What Will Omnichannel Demand Gen Look Like?

Omnichannel comes in a variety of flavors. In general, it’s a marketing approach, but its application varies from channel to channel. I mention this as the term can sometimes be confusing. Omnichannel ecommerce, for instance, is not the same as omnichannel nurture.

So, before we dig into how I see Omnichannel demand gen unfolding, I think we’ll take a step back and look at the core definition of omnichannel.

There’s a Difference Between Multichannel and Omnichannel

That difference is best described as Multichannel means multiple communication channels, and Omnichannel means an integrated approach between various communication channels. To quote Evaldas Mockus, “Omnichannel marketing has the customer at the center of a seamless, unified experience.”

Omnichannel also means integrating the various data points produced within each channel. It further means, in my opinion, validating those data points while still “in transit,” whether that’s within your internal martech stack on its way to your CRM or with an integration partner on its way to your martech stack.

I will say I find the term “Omni” a tad ambitious as a label. Virtually no one is on ALL channels! But if you understand it through the lens of integration, then it begins to make more sense. And that, folks, is where we jump to a discussion of what omnichannel demand generation would look like.

First, It’s About the Budget You Can Access

Generally speaking, today’s demand gen consists of marketing activity in one or two channels. **Disclaimer: I can only communicate with authority about B2B, so that’s the view I’ll take here**

Why? Because the outcomes must be attributable as marketing-qualified. That usually means form completions, not clicks or impressions.

So, as it relates to most enterprise marketing budgets, demand gen is contained within its own silo. There’s no access to other budgets allocated to corporate marketing, branding, and PR.

What channels do we demand generators use? Well, most typically, it’s email or digital ads, where a form completion is the desired result. We also use voice to accomplish the same. If you’re doing it yourself, you may do all three. If you’re having others do it for you, often, you’re using one channel.

But what if you could secure demand gen outcomes from an omnichannel campaign?

In other words, if you could run an email campaign and a digital ad campaign concurrently and target the same audience simultaneously, you could drive them all to the same landing page/microsite, to a form completion.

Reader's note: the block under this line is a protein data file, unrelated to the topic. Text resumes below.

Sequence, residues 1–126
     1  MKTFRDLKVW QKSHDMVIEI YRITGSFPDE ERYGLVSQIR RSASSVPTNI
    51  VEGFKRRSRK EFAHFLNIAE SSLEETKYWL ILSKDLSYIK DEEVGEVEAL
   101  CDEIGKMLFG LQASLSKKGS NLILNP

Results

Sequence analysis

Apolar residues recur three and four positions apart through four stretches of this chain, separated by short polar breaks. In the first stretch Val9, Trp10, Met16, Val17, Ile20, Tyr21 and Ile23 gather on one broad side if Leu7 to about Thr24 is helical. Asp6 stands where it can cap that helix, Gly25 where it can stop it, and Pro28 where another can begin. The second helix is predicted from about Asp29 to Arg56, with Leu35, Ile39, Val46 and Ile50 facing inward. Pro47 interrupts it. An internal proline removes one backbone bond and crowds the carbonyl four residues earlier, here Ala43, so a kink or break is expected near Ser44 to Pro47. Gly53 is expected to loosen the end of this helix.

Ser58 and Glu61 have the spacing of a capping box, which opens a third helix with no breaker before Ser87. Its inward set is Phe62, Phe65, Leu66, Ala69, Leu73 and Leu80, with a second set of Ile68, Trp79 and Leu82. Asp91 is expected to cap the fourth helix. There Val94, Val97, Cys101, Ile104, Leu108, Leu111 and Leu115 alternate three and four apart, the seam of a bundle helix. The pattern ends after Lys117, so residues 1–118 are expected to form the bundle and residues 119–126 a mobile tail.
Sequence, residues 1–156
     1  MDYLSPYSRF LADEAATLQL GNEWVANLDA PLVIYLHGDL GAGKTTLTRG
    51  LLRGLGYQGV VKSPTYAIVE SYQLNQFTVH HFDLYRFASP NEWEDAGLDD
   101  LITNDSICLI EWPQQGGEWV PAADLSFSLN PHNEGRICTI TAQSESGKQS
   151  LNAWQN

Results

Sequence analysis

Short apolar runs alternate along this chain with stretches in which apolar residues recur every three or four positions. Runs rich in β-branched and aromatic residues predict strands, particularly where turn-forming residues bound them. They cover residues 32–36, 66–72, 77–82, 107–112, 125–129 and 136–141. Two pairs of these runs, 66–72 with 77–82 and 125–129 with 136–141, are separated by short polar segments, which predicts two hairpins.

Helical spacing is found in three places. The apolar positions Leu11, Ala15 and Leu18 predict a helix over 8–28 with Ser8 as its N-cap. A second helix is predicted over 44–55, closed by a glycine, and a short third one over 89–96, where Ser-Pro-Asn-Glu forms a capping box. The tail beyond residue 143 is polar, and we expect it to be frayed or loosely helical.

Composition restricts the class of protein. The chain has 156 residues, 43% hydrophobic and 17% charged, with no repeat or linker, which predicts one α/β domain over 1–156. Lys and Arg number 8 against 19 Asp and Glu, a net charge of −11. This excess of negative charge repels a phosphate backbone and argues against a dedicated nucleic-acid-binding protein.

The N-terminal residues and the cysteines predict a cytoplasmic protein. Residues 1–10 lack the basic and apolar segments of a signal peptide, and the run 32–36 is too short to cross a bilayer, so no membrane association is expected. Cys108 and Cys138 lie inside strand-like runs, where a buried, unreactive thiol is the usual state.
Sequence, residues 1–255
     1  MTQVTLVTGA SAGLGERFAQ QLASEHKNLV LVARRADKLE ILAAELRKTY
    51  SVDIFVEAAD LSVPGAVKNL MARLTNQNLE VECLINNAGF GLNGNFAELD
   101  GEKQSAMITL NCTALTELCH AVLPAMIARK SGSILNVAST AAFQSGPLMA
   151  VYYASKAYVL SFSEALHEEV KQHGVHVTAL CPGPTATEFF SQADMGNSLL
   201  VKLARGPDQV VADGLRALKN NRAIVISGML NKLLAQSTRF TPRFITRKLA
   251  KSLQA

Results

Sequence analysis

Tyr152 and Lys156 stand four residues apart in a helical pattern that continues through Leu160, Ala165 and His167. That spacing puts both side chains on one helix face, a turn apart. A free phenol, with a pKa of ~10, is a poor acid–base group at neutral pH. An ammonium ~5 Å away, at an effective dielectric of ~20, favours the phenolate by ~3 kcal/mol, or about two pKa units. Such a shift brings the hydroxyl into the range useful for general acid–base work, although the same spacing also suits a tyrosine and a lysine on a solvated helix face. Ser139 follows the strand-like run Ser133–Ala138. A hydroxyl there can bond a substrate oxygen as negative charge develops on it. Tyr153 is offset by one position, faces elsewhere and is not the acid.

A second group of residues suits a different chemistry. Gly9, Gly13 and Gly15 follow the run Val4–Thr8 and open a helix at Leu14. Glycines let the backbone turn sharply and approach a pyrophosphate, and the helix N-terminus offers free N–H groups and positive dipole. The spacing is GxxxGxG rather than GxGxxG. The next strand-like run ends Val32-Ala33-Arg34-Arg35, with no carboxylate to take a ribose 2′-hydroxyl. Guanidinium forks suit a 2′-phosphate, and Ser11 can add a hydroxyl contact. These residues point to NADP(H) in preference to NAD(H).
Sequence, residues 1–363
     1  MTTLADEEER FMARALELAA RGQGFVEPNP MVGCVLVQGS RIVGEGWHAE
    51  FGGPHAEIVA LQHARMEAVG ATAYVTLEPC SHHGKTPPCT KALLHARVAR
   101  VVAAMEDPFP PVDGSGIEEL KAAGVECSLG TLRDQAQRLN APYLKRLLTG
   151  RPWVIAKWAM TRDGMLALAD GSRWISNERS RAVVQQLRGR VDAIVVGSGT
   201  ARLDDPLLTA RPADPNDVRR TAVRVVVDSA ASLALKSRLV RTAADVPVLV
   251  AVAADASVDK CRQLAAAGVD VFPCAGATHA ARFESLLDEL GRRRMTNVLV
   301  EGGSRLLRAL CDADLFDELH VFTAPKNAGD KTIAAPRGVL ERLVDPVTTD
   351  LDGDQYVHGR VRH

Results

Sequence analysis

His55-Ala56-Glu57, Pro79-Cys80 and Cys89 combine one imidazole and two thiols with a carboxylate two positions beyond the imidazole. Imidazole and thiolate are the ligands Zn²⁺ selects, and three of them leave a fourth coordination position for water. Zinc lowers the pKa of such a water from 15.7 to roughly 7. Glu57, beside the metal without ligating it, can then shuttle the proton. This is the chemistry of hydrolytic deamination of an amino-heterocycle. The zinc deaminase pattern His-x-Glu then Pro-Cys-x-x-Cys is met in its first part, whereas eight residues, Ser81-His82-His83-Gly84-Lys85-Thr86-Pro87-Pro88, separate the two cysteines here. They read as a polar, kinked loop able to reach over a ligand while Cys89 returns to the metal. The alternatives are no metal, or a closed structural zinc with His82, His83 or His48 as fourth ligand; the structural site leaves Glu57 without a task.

I encourage you to look at some of the “good press” on omnichannel before you answer that question:

“An omnichannel marketing strategy allows teams to meet their consumers where they are, with the right message at the right time. This not only fosters brand awareness in the mind of the consumer, but also leads to improved engagement, increased ROI and sales, and enhanced customer retention and loyalty.”

Omnichannel marketing has multiple benefits that will ultimately boost your business and increase customer engagement. According to research done by Omnisend, Omnichannel campaigns have an 18.69% engagement rate. When you compare this to single-channel’s 5.4%, this is over a 300% increase in engagement rate.”

So, with a concurrent email campaign and a digital ad campaign as described above, one of the great benefits of this unified demand gen activity is that it’s easy to devote more budget because you can point to obtaining outcomes within your mandate.

An omnichannel marketing strategy allows teams to meet their consumers where they are, with the right message at the right time. This not only fosters brand awareness in the mind of the consumer, but also leads to improved engagement, increased ROI and sales, and enhanced customer retention and loyalty.

Then It’s About the Outcomes

At the same time, while you can undoubtedly obtain great metrics from email campaigns, you could now add the intelligence provided by the ad’s impressions’ performance.

Apply those engagement rates mentioned above, and the inevitable conclusion is you’ll get more overall “bang for your buck” with an omnichannel campaign. You’re getting MQLs from both channels AND now have ABM-like and persona-level insights about those who make up all the impressions – that drove the clicks and prompted the form completions.

Eventually, It’s About the Ease of Integration

Our execution plan for an omnichannel needs to address quite a few things. Among them, it needs to be about channel-functional content, about well-constructed ads and forms, and deliverable emails, and then, ultimately, it must be about unified data that can be ingested into a CRM or martech stack.

As I mentioned before, you may be handling that internally for a brand, but you might also be a media outlet, a publisher, an agency, or some other provider of these types of outcomes for brands. In that case, it’s going to make a lot more sense to use an integration platform that enables you to be compatible with all the martech tools out there. 

Again, the function of such a platform should also be to validate that data before it gets delivered. Integrate is an excellent company that provides these services and more for quite a few marketing technologists.

In Conclusion

I’ll pose a question for our readers:

Would you pay 50% more to execute an omnichannel campaign like the one described if it meant you’d see a 35-100% increase in MQLs as well as the intelligence made available via impressions data?

You may ask – was that a loaded question?

Well, yes. 

But that doesn’t alter the crucial takeaways with omnichannel: 

  • it’s about being more customer-centric,
  • being “available” via multiple channels, and
  • it’s where diverse outcomes integrate

Leads for the demand generator and actionable intel for everyone! Now that’s a winning proposition.

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